their intellectual output and that bring about nothing but confusion.
For some, the distinction between fables and superstitions on the one
hand and revealed knowledge on the other has become obscured. Ready
acceptance of strange and unnatural claims is seen as a natural
extension of our belief in the unseen. Some people are eager to accept
the flimsiest of claims and the most unsubstantiated of reports.
Beneficial and sound knowledge, on the other hand, is met by some people
with suspicion and stiff resistance.
Fables and strange tales spread around, traveling at the speed of light.
Indeed, the speed with which rumors and fables spread through society
might become a new figure of speech to indicate fantastic speed. Sheikh
Muhammad Rashīd Ridā wrote something once about the visionary bequest of
Ahmad, the bearer of the Ka`bahs keys, foretelling the end of the
world. Thereafter, Sheikh `Abd al-`Azīz b. Bāz wrote a specific response
to this fable, though some people were surprised that he saw it worth
his effort to refute such a ridiculous tale. Alas, we see the tale in
its various guises reappear year after year.
Modern technology has allowed such stories to spread and circulate
faster than ever. The Internet, satellite broadcasts, cell phones, and
other advancements in communication have exposed to us how weak Muslims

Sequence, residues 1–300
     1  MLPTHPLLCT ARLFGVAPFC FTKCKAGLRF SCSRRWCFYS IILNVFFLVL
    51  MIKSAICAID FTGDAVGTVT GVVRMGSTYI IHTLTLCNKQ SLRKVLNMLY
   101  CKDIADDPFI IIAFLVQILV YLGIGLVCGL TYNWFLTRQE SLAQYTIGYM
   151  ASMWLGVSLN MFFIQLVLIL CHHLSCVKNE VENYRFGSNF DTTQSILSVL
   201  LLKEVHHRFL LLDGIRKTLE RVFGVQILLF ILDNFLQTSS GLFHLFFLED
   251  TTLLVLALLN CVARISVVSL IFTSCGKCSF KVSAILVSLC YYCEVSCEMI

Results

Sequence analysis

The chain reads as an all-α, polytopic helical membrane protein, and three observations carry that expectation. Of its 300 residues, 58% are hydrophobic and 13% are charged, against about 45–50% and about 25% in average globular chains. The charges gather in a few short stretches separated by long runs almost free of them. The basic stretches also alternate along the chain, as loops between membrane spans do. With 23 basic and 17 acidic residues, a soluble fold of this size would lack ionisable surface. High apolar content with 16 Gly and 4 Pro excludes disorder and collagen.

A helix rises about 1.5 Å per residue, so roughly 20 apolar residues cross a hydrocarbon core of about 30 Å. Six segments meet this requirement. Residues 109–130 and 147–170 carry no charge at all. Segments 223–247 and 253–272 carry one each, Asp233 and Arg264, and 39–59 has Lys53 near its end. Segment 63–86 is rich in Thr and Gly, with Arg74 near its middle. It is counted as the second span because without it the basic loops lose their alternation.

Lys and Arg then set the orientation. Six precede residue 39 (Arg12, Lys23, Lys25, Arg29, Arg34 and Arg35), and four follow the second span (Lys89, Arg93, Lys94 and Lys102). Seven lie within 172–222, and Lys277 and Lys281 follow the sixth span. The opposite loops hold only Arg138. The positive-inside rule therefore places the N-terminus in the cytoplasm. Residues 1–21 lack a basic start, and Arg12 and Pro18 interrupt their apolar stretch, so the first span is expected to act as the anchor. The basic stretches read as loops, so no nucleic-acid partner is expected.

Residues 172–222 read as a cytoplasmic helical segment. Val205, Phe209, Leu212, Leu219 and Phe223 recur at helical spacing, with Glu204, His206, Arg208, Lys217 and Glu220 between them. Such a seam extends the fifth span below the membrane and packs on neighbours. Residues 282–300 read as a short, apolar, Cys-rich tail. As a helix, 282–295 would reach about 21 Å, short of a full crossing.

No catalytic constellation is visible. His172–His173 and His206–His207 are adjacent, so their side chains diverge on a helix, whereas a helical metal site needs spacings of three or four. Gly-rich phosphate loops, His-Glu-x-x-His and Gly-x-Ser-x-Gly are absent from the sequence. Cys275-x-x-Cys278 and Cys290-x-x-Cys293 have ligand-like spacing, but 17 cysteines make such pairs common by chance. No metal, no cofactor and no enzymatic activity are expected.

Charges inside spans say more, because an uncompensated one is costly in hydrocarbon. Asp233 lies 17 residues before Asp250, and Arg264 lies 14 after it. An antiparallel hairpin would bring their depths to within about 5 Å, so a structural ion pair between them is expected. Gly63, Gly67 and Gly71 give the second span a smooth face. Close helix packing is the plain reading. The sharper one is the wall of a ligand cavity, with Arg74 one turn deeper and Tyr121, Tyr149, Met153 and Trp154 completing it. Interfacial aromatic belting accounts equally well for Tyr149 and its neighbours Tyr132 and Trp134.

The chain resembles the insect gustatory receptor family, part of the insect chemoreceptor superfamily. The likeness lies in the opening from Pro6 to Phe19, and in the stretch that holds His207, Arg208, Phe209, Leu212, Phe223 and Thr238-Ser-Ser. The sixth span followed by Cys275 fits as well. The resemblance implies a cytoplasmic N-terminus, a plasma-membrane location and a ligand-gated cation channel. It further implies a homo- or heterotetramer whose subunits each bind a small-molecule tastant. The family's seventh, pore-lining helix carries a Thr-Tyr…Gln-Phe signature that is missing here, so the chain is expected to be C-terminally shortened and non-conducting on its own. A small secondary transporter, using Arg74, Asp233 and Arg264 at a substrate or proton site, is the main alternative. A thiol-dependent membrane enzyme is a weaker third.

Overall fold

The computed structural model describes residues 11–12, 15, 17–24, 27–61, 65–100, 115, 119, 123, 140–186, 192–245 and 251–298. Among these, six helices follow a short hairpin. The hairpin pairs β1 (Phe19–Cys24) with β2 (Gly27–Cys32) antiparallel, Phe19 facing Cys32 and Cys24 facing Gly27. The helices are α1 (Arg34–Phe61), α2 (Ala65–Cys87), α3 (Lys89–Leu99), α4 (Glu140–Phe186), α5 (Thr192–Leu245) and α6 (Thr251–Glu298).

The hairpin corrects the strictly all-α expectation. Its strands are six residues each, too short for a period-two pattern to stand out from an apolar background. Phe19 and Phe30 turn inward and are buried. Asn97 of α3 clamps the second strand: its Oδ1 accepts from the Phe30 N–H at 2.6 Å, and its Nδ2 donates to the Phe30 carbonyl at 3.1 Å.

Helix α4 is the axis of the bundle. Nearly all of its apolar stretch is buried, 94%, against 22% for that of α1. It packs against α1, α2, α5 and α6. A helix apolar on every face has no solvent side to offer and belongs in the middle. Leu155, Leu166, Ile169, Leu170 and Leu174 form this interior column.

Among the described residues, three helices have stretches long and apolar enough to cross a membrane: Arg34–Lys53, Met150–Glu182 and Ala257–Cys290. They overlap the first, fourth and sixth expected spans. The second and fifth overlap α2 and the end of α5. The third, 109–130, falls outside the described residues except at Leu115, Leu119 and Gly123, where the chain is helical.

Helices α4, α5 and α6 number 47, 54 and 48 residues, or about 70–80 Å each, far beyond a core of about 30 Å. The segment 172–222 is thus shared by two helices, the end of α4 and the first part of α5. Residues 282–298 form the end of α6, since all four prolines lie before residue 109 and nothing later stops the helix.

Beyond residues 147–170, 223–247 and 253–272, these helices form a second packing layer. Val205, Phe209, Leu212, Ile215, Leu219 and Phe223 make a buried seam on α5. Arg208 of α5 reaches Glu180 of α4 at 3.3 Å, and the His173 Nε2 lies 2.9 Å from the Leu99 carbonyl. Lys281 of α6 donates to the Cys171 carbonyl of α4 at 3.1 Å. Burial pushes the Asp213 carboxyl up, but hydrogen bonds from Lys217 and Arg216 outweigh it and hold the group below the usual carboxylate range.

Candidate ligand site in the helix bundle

are in sorting and verifying information and how easy they are willing
to absorb ideas that are contrary to both the teachings of Islam and to
good sense. They have shown us the simple-mindedness and gullibility of
a wide section of the population.
How often to reformers have to waste time combating false reports that
spread like viruses, lethal and insidious, unchecked by any immunity.
Religious people are often the victims of myths about saints, the Mahdi,
and the Hour. Sick people are susceptible to instantaneous diagnoses
about magic curses, with cures that are often ridiculous and contrary to
Islamic teachings. Many wives are plagued by superstitions involving
curses, Jinn, magic charms, and the interpretation of dreams.
People seeking quick wealth are often taken in by the tempting promises
of mediums who claim that with the assistance of Jinn or other people,
they can help uncover for them buried treasure.